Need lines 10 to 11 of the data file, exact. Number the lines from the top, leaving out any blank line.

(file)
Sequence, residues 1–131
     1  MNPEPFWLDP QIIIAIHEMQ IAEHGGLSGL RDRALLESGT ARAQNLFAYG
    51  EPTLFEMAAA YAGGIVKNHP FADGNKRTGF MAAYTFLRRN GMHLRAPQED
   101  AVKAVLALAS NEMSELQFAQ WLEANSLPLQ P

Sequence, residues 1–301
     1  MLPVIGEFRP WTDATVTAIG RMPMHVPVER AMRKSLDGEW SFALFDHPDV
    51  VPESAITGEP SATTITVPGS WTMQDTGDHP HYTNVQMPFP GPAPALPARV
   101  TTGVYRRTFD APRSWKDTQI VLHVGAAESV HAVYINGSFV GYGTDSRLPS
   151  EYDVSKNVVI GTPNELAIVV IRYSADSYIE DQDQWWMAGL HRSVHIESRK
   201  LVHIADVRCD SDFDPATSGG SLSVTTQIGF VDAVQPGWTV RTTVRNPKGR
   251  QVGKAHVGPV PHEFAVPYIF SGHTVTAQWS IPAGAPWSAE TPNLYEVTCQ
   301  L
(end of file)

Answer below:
   201  LVHIADVRCD SDFDPATSGG SLSVTTQIGF VDAVQPGWTV RTTVRNPKGR
   251  QVGKAHVGPV PHEFAVPYIF SGHTVTAQWS IPAGAPWSAE TPNLYEVTCQ